Film Frview: DEMENTIA
By Eric T. Cabahug
“Dementia is that rare Filipino horror drama that packs a solid emotional wallop. You won’t forget it soon after leaving the theater. A lot of it has to do with debuting filmmaker Perci Intalan’s mostly firm grip on his material and his relatively sophisticated approach in presenting it.”
“Dementia” is that rare Filipino horror drama that packs a solid emotional wallop. You won’t forget it soon after leaving the theater.
A lot of it has to do with debuting filmmaker Perci Intalan’s mostly firm grip on his material and his relatively sophisticated approach in presenting it. The former TV5 executive does not reinvent the horror wheel by any means. Rather he spins it very deftly and very efficiently all around.
So that when the all-too familiar scares, or scare tactics, come, and there are plenty (candles blowing out by themselves, doors shutting on their own, ghosts appearing from behind, ghosts coming at people very deliberately, menacingly), each serves its purpose of providing genuine jolts.
But jolts alone do not an effective horror movie make. Environment and atmosphere are the real keys. And here is where Intalan’s bigger achievement lies.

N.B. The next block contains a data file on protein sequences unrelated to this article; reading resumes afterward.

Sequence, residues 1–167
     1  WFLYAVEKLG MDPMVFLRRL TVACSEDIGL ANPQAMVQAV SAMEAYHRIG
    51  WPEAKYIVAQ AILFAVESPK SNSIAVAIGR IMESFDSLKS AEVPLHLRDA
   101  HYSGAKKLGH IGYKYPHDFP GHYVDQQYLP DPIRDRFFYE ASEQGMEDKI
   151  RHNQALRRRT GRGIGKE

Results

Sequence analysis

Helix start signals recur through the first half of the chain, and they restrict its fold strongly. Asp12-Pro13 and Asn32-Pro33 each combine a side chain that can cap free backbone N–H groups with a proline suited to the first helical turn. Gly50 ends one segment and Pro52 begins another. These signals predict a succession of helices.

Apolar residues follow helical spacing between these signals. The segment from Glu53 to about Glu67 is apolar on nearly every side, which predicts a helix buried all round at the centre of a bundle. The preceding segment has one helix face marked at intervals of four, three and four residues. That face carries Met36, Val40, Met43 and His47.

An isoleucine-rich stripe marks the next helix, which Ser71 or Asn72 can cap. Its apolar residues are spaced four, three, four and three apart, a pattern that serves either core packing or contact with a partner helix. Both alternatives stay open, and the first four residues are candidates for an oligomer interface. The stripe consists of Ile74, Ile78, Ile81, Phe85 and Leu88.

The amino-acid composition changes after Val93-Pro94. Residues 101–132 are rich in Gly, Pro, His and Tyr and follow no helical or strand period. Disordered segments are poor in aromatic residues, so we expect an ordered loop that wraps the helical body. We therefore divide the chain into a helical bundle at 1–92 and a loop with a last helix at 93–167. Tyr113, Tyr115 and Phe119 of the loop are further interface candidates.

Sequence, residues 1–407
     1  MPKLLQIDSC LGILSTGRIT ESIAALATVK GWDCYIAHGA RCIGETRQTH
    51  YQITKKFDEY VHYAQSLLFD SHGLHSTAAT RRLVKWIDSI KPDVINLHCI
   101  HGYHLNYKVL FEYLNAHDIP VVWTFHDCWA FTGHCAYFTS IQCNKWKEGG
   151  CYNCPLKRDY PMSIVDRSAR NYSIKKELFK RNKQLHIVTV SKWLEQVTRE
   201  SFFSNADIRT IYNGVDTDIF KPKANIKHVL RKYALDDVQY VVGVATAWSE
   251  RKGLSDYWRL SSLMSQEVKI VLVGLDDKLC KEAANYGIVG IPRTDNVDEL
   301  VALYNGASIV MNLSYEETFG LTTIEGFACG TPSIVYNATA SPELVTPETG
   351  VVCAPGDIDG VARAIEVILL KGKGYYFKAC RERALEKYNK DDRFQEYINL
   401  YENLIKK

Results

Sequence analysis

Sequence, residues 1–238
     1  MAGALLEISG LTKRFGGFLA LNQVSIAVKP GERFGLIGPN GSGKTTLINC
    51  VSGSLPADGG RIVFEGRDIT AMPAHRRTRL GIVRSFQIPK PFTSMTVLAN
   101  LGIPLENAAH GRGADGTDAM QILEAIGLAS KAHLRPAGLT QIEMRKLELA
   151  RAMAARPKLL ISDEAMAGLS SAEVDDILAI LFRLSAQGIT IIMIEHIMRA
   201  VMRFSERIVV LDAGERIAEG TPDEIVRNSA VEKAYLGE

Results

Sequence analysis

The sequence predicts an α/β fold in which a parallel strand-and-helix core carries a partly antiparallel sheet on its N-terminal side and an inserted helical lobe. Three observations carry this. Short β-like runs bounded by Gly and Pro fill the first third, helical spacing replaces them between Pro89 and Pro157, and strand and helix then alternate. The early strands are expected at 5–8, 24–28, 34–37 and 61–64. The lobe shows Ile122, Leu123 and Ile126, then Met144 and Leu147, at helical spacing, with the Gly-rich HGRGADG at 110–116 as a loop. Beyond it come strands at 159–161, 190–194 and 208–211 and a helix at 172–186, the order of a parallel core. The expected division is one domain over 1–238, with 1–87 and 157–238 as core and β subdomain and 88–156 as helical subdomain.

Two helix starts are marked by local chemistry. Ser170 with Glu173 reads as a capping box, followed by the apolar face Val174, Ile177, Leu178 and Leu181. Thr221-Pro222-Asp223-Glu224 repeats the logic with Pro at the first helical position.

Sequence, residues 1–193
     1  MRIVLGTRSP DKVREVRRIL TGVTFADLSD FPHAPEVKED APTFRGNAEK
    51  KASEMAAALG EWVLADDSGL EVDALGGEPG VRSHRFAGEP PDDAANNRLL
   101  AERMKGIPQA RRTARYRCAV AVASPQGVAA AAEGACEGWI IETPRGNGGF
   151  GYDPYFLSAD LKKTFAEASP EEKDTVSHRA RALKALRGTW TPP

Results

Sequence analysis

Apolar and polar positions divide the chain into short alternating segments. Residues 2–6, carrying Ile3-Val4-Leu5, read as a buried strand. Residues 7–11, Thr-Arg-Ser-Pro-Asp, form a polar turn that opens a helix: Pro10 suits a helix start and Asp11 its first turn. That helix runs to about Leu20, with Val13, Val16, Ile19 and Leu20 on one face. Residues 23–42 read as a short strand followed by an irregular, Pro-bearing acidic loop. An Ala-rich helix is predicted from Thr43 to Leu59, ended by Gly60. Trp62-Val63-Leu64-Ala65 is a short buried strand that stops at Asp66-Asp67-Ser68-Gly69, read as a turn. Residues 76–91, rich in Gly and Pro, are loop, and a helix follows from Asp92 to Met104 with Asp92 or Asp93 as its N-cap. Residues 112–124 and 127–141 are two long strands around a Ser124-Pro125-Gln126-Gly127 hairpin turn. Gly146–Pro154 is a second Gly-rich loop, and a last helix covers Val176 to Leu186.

With excellent work by his cinematographer, production designer, and musical scorer, he was able to provide the kind of space of building mystery and escalating dread that the tale his writers gave him required.
This is fully captured in the main friction that drives and ignites the movie — its vision of Batanes, where the story is set, as a place of terrifying wintry beauty and the fiery psychological wounds that consume the heart and mind of the story’s central character.
That would be Mara, an elderly woman grappling with an early onset of dementia that leaves her unable to remember much. But when a (literal and figurative) ghost from her traumatic distant past comes to haunt her and the only living family she has, the memories come crashing violently like strong waves hitting the jagged rocks along Batanes’ seaside cliffs.
Nora Aunor totally matches the swirling forces of nature on display throughout the movie with a dervish of a performance that involves very little spoken dialogue.
It’s mostly ferociously internal until the devastating climax where, still wordless, her face erupts into a panorama of heartbreak, anguish, sorrow, guilt, regret, terror, and, finally, resignation and surrender. It’s unforgettable.
The movie is far from perfect and the epilogue, which either affirms the story’s vision or turns it on its head, may be too ambiguous for its own good. No matter. “Dementia,” anchored by another genius turn from Aunor under Intalan’s surefooted, confident direction, will stay with you.